Some of the following may help to relieve pain and help with mobility:  

 

Exercise

While you may worry that exercising with osteoarthritis could harm your joints and cause more pain, regular exercise can instead prevent stiffness in the joints as well as stimulate circulation and healing. Low-impact aerobic exercise, such as walking, swimming or yoga, is gentle on the joints while providing maximum health benefits.

 

Vitamin D3

Vitamin D is a crucial nutrient for strong bones and is more likely to be lacking in people who take oral corticosteroids. Because those with osteoarthritis are often prescribed oral steroids, it’s very important to ensure that your vitamin D levels are regularly checked. Vitamin D is essential for calcium absorption for optimal bone and muscle function. A vitamin D3 deficiency may impact bone health and lead to an increase in falls and fractures. Speak to your healthcare practitioner who can recommend a suitable vitamin D3 supplement.

 

Diet

Your diet alone will not ‘fix’ osteoarthritis. However, there are changes you can make that may ease your symptoms. If you have osteoarthritis, your body is in an inflammatory state, so it is essential to avoid inflammatory foods such as sugars and processed foods. Instead, include healthy fats such as fish, grass-fed/pastured animals, eggs, nuts and avocados. Eating regular small meals, eating more protein, and consuming less simple carbohydrates (like processed white breads) can help maintain healthy blood sugar levels. Maintaining balanced blood sugar helps to facilitate proper circulation and appropriate healing mechanisms in the body.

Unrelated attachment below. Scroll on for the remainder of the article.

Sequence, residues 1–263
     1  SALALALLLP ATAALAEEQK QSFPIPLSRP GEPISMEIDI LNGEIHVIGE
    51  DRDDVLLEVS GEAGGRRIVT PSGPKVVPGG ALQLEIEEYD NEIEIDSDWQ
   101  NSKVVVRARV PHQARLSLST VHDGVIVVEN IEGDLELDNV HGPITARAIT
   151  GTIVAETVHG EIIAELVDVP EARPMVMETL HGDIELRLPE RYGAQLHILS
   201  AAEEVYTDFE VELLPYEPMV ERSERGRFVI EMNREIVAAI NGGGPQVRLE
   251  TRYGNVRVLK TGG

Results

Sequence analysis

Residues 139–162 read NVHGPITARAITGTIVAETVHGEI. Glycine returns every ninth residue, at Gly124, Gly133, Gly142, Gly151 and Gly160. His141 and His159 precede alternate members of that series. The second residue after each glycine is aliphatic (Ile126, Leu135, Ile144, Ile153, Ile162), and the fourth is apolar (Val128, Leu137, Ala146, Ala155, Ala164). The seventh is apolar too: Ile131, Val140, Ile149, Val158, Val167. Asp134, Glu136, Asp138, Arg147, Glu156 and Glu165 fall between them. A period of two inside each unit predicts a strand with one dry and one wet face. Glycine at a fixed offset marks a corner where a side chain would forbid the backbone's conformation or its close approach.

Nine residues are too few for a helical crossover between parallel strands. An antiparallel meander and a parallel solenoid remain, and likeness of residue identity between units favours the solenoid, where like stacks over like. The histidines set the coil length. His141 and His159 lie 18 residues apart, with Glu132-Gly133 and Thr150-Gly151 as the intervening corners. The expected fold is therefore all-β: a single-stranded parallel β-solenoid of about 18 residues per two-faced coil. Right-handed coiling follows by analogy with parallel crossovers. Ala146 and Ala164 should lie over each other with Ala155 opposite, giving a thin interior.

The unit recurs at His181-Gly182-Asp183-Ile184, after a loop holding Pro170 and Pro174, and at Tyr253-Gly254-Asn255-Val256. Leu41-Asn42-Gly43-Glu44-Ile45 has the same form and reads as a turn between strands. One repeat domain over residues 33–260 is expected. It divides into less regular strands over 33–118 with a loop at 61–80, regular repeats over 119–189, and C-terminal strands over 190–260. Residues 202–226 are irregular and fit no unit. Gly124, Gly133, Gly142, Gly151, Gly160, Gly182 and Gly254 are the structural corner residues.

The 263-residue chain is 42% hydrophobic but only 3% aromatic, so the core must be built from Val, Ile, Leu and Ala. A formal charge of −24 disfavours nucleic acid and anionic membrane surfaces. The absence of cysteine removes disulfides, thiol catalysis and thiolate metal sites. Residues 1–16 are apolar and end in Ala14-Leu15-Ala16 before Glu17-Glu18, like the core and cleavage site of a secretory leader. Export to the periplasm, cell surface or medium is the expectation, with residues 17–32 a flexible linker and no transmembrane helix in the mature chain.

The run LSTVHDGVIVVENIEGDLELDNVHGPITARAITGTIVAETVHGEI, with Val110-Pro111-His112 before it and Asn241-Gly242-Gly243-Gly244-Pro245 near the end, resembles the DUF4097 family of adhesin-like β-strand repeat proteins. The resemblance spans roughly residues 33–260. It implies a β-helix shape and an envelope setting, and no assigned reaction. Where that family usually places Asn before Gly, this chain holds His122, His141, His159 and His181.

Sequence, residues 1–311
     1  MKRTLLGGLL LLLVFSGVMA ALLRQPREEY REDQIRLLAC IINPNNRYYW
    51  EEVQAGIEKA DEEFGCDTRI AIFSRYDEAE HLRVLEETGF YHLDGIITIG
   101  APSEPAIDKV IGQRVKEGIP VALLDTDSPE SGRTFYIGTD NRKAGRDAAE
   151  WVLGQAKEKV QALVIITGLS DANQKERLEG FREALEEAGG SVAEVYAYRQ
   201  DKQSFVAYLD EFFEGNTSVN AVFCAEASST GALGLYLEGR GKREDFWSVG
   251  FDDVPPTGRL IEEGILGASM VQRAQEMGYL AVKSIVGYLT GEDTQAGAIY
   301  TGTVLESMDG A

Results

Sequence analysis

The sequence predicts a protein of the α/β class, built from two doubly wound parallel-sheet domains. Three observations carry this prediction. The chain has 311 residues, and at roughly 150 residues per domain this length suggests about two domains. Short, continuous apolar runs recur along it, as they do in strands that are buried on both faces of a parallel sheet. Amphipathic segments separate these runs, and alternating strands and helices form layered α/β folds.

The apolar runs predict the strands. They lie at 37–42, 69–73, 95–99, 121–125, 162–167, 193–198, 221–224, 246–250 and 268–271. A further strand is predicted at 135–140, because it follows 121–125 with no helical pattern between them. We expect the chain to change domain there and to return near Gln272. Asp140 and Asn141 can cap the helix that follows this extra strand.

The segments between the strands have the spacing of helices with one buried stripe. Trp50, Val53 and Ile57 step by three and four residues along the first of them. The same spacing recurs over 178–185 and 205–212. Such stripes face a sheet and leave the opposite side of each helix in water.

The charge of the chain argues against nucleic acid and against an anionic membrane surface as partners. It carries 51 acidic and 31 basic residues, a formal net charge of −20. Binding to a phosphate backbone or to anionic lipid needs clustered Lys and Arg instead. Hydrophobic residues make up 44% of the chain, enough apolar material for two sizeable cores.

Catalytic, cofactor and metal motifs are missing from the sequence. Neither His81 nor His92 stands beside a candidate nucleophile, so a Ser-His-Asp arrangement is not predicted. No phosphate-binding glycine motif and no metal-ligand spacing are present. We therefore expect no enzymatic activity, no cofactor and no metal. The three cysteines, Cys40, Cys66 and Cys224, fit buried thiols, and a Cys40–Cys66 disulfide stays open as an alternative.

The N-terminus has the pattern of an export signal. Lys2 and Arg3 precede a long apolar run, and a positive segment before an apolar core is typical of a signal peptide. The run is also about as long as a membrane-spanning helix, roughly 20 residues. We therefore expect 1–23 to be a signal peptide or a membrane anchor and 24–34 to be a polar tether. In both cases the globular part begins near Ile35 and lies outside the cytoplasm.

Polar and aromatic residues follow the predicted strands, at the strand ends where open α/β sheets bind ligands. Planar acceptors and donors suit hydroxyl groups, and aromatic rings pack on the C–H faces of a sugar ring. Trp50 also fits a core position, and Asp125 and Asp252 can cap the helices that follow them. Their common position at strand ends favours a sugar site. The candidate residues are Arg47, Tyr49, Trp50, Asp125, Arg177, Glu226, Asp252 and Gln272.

Turmeric

The ancient spice turmeric, also known as curcumin, has natural anti-inflammatory qualities and is showing increased promise in joint inflammation. People living in India first used turmeric as an ingredient in curry and later on discovered that it has impressive medicinal qualities. Turmeric can easily be added to your diet. Its roots and bulbs look quite similar to ginger and are generally boiled and dried to form powder. You can grate it like ginger on your foods, add it to teas or take it as a supplement. Readily available powder form is also generally found in supermarkets and health food stores.

 

Herbal remedies

More osteoarthritis patients are seeking herbal remedies to take a natural approach than ever before. Certain herbs, such as curcumin which we just spoke about, have anti-inflammatory properties that can help with osteoarthritis, as well as the ability to reduce pain in all forms of the condition. Certain types of omega-3 can also reduce inflammation from osteoarthritis and may help to relieve joint pain and stiffness. Chondroitin sulphate may also help to reduce pain by helping to slow down the degradation of cartilage and restoring lost cartilage. Supplementing with amino acids (protein), which are essential building blocks for cartilage in your body, would also be helpful.

Speak to your healthcare practitioner for more information about managing your osteoarthritis.

 

Information supplied by Stephanie Berglin and Arthritis Research UK 

Useful References:

 

http://www.nhs.uk/Conditions/Arthritis/Pages/Introduction.aspx

http://www.arthritiscare.org.uk/AboutArthritis/Conditions/Osteoarthritis

http://www.arthritisresearchuk.org/arthritis-information.aspx

http://www.bbc.co.uk/health/physical_health/conditions/in_depth/arthritis/aboutarthritis_osteoarthritis.shtml

http://www.webmd.boots.com/arthritis/default.htm